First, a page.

We are maintaining our estimate for the net impact of acquisitions and divestitures of approximately 50 basis points, resulting in an operational sales range of 12.4% to 13.0% or $92.8 billion to $93.3 billion for a midpoint of 12.7% or $93.1 billion. As you know, we do not predict the impact of currency movements. But utilizing the euro spot rate relative to the US dollar as of last week at 1.16, there is an estimated positive impact of foreign currency translation of approximately 150 basis points, consistent with our July guidance, resulting in estimated reported sales growth between 13.9% and 14.5% compared to 2020 or $94.1 billion to $94.6 billion.

Moving to other items of the P&L. Consistent with our previous guidance, you can expect our operating margins to be nearly a 200-basis-point improvement over last year. Given year-to-date trends, we are modestly increasing and tightening our other income estimate to be a range of $900 million to $950 million. Regarding interest expense, again, based on our year-to-date experience, we are also tightening the range of our estimate to $100 million to $150 million. And finally, we are lowering our effective tax rate estimate to a range of 14.5% to 15.5% based on the occurrence of certain one-time favourable tax positions and settlements both in the US and abroad.

Considering those updates, we are comfortable with adjusted earnings per share guidance ranging from $9.65 to $9.70 on a constant currency basis, a guidance increase of $0.13 at the midpoint. While not predicting currency movements but to provide some insights on the potential impact on EPS, our reported adjusted EPS will be positively impacted by approximately $0.12 per share. Accounting for that, we would be comfortable with your models reflecting reported adjusted EPS ranging from $9.70 to $9.82, an increase versus 2020 of 22% at the midpoint.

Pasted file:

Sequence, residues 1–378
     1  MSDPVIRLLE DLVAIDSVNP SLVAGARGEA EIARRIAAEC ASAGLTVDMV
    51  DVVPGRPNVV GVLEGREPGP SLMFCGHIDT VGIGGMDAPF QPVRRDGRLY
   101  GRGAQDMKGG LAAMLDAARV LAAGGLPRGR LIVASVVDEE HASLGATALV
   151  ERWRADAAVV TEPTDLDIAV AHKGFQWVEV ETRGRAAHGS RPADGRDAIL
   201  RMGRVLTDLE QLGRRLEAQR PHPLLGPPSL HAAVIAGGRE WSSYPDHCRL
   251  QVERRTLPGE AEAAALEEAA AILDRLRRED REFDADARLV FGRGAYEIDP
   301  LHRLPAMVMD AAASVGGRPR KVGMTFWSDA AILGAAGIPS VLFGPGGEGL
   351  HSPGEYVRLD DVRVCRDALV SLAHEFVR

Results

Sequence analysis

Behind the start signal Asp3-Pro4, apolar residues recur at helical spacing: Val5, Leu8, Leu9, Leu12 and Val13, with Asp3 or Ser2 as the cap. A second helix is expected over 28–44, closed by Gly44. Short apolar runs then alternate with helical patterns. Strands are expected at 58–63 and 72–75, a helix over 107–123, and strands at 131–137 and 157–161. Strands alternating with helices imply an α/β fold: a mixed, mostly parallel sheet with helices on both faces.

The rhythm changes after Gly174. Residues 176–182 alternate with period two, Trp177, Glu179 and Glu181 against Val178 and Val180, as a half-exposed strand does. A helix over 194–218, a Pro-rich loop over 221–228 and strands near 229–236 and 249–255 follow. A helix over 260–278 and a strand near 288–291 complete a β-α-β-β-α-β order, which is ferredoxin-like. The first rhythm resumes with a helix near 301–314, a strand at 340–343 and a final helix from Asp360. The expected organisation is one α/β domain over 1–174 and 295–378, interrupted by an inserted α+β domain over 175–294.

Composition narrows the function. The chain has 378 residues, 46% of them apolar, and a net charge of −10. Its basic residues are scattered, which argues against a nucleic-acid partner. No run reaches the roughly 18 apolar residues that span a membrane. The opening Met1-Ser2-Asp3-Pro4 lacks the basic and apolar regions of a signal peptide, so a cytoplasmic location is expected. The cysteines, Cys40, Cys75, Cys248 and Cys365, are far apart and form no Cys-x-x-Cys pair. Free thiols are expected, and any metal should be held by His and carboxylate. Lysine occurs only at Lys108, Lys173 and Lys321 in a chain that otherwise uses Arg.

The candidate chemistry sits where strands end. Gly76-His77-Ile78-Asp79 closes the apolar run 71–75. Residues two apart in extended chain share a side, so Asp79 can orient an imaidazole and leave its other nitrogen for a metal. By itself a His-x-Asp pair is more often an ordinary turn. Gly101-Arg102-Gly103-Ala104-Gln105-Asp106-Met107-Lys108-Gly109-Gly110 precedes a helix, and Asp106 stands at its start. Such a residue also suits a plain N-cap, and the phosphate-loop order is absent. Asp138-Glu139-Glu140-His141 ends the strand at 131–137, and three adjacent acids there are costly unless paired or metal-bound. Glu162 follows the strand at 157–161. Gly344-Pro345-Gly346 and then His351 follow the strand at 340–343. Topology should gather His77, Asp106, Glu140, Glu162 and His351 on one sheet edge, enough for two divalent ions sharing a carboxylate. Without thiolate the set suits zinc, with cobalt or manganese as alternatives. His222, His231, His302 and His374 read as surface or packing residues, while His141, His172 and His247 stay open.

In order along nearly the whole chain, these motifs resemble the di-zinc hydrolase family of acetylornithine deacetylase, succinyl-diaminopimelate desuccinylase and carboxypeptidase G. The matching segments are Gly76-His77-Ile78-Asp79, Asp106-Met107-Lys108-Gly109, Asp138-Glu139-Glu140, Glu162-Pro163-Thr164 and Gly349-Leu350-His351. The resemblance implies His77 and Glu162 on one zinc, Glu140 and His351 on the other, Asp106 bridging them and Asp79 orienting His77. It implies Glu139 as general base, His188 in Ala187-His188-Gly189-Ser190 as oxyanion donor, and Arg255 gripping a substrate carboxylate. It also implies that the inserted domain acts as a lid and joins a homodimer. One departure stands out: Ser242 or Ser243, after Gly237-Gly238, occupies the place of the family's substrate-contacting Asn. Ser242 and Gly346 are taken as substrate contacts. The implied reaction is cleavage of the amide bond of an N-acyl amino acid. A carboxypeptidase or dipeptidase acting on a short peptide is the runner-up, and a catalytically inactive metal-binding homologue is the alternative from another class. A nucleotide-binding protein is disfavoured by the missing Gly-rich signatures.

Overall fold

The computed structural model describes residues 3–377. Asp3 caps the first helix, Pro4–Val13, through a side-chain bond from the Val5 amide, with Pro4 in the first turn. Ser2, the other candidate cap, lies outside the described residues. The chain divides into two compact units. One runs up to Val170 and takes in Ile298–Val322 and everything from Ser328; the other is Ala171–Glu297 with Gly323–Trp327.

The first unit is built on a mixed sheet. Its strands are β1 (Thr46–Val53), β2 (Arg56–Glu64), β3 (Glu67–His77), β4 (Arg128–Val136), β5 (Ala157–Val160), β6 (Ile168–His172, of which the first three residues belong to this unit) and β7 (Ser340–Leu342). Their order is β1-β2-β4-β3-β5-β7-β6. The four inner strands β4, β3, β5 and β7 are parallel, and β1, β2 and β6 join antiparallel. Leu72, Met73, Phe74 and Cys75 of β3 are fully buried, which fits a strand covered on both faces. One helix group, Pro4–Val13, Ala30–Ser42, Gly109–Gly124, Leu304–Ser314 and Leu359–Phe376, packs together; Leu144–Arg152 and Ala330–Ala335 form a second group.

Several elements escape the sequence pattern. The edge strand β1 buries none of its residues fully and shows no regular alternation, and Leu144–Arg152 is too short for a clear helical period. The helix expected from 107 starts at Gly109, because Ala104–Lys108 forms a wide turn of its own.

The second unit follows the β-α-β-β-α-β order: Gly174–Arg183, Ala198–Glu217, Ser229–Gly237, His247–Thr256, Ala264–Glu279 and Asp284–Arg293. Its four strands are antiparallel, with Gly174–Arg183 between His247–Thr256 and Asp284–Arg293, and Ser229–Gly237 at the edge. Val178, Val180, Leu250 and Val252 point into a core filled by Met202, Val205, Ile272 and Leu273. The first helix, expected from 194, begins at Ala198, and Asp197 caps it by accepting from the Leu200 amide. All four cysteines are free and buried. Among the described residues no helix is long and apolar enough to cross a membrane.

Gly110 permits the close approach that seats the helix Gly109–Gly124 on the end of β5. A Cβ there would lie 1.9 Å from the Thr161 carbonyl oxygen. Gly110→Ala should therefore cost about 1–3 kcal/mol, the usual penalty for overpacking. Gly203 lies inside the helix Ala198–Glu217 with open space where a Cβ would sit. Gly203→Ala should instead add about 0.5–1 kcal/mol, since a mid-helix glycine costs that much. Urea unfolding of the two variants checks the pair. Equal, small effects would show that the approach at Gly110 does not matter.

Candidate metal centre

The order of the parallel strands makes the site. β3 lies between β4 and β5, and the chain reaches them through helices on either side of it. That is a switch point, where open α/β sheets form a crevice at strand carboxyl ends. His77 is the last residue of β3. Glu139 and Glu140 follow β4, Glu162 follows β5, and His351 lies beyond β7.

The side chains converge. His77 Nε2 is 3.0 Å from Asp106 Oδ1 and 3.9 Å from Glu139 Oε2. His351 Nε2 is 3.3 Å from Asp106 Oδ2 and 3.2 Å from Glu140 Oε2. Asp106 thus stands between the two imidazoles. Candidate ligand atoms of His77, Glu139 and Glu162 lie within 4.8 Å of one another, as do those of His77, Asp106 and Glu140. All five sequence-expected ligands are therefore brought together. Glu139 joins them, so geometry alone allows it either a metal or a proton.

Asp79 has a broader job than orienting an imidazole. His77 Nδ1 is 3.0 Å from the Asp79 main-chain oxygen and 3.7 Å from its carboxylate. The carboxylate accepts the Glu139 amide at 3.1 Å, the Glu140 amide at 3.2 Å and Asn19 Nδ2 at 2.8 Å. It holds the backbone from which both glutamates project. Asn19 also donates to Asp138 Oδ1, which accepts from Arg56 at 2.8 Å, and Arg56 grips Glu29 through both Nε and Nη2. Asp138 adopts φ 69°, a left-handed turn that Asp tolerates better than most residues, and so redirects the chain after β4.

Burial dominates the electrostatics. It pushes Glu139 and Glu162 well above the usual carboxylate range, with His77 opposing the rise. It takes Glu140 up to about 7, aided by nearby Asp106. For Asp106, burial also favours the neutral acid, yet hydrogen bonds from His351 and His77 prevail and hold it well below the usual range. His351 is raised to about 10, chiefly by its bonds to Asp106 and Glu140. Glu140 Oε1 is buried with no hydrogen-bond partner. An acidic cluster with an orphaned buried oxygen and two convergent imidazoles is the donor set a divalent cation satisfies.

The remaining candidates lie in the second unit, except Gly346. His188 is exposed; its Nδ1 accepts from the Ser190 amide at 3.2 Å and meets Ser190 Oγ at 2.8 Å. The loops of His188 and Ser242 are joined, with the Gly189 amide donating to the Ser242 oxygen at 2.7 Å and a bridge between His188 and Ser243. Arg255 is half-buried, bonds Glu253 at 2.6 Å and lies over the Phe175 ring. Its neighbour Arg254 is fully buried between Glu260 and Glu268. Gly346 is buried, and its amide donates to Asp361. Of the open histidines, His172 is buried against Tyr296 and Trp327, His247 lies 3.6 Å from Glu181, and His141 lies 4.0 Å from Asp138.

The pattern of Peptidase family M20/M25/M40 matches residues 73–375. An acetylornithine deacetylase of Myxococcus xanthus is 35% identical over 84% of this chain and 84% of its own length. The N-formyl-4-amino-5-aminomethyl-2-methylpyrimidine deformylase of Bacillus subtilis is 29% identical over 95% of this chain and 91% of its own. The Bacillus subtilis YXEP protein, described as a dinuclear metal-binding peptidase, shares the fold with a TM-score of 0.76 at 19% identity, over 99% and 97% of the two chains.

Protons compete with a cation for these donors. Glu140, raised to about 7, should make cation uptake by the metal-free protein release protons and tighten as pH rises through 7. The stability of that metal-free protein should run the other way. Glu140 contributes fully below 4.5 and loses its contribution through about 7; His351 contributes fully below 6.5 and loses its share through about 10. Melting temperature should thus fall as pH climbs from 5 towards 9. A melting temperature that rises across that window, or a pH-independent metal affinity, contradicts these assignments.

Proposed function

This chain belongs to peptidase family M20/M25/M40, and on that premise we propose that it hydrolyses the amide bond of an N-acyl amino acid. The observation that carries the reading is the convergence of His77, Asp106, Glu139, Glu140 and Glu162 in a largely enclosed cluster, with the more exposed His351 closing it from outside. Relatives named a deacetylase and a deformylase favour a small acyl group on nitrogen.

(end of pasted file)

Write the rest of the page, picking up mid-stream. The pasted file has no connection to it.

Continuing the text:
Consistent with what we shared before, given the not-for-profit nature of the vaccine, there is no significant EPS contribution in 2021 and, therefore, the EPS guidance I provided is inclusive of the vaccine revenue.

As always, none of our achievements are possible without the hard work of our world-class team of employees around the globe whose dedication ensures that we deliver for all our stakeholders. We continue to make significant strides towards our mission of improving human health and well-being of everyone everywhere and I’m grateful for their efforts and commitment.

I’d like to close my prepared remarks by briefly commenting on the CEO transition that was announced earlier in the third quarter. First, I want to acknowledge Alex for his leadership and contributions to Johnson & Johnson during his tenure. It has been my pleasure to work alongside him particularly over the last three years and to observe and to learn from him both professionally and personally.

I’m also pleased to congratulate Joaquin on his new role starting this January. I know firsthand that he shares the same commitment to patients, employees and society that Alex considered core. Joaquin similarly values innovation that underscores our strategy for long-term success. Both gentlemen will be features at the previously mentioned November 18th Analyst Day sharing their thoughts on our business and plans for the future.

I am pleased our worldwide chairs, Ashley McEvoy, Thibaut Mongon and Jennifer Taubert are here with me today to address your questions. Jen McIntyre from our Investor Relations team will facilitate the Q&A portion of the call. So I will now turn it over to her to begin the Q&A. Jen?